Greetings in the Wonderful Name of our Lord and Savior, Jesus Christ! And Mele Kalikimaka (Merry Christmas)!
Incarnation. I’ve been thinking about that word a lot recently. It’s one we tend to unpack along with last year’s Christmas decorations and then put back in the box with them at the end of the month. Yet it is a rich word, worthy of consideration all year long. It means “in the flesh”. Jesus was the incarnation of the Father. He is God come in the flesh. Why was that important? The following story gives us a little glimpse of it.
The sound of a young child’s voice cuts through the stillness of the night. It comes from the bedroom down the hall. “Daddy, I’m scared!” Out of your groggy sleep-interrupted state, you respond with, “Honey, don’t be afraid! Daddy’s right down the hall.” After a brief pause, the little voice is heard again. “I’m still scared.”
More awake now, you respond, “You don’t need to be afraid. God is with you. God loves you.” This time the pause is longer...but the voice returns, “I want someone else, Daddy. I need someone with skin on.”
It seems like the logic used by the little child is precisely the reason for the Incarnation. After thousands of years of trying to convince His people that He really loved them, our Creator knew the best way to demonstrate His love for us was to send “someone with skin on”.
Hebrews 1:1-2 is not a typical Christmas text, yet it declares the nativity story or, at least, the reason behind it. “In the past God spoke to our forefathers through the prophets at many times and in various was, but in these last days He has spoken to us by His son whom He appointed heir of all things, and through whom He made the universe.” The Old Testament prophets were powerful speakers, faithfully proclaiming the word of the Lord. But they were merely messengers who could only tell part of the story. Jesus the Son not only speaks the complete story, He is the story. As He told Philip, one of His disciples, “Anyone who has seen Me has seen the Father” (John 14:9).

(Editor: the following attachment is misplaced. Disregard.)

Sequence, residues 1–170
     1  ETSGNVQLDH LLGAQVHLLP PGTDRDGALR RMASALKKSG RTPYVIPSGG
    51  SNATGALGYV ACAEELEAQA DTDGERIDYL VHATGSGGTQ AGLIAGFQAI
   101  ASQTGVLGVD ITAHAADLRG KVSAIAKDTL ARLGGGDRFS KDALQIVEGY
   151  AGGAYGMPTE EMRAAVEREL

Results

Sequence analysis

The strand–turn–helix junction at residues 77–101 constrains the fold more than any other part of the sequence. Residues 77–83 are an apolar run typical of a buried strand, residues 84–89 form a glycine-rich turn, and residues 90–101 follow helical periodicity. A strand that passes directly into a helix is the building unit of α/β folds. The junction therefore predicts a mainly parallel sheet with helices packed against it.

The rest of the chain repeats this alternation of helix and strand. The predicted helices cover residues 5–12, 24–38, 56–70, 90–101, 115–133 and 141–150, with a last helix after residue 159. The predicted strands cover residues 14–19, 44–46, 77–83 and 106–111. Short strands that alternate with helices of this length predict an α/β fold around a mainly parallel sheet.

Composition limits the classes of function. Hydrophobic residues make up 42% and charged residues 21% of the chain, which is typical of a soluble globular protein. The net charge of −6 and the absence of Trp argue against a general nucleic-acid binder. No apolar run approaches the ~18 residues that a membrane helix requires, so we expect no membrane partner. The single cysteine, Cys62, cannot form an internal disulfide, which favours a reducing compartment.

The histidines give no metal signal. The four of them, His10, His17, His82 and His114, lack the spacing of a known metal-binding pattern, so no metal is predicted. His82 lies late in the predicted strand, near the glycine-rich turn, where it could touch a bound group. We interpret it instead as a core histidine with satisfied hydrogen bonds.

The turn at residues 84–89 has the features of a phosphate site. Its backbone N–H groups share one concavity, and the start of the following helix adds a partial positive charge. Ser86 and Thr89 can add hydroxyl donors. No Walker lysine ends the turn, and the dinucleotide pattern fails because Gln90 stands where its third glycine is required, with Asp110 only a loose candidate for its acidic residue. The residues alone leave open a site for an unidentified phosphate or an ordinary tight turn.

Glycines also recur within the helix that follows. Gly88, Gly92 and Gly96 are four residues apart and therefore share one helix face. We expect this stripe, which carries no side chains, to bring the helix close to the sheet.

John the Gospel writer emphasizes that Jesus is the Word, the exact communication from the Father (John 1:1). What the Father would desire to speak to us has already been communicated by Christ. What the Father would desire to show us has already been demonstrated by Christ. Any question you could ever have about the Father has been answered by the Son. Paul tells us that “He is the image of the invisible God, the firstborn over all creation.... For God was pleased to have all His fullness dwell in Him, and through Him to reconcile to Himself all things, whether things on earth or things in heaven, by making peace through His blood, shed on the cross” (Colossians 1:15, 19-20).
How opposite this is to every other religion. Each of those “gods” demands that you become like them. You must do certain (and many) things in order to attain perfection. By contrast, Jesus Christ humbled Himself to become a man. He became like us so that we might become like Him. And it was not a last minute decision, born out of frustration with previous failure. Jesus is the ‘‘Lamb that was slain from the foundation of the world” (Revelation 13:18). This was God’s plan from before the Beginning. All that preceded was preparation. “When the time had fully come, God sent forth His son....” (Galatians 4:4). Hallelujah! What a wonderful Savior!
This Sunday, December 26, we will conclude our Christmas series, “The Songs of Christmas”, with Simeon’s grand song of Salvation, the “Nunc Dimittis” (Luke 2:21-35). Please join us at 10:35am in the building or online for the Live broadcast on either Facebook (Honolulu AG) or our YouTube channel (Honolulu Assembly of God).
Coming Up: January 2nd is Un-Deck the Halls Sunday. We will put away all the Christmas decorations and then enjoy a delicious prepared lunch together. (Lunch will be provided; you do not need to bring anything that day.) The “Joy of Belonging” classes will happen January 9-30. If you are interested in becoming a member here at Honolulu AG, please let me know. Our annual Week of Prayer (and fasting) will take place January 9-15.
Aloha and Aloha ke Akua!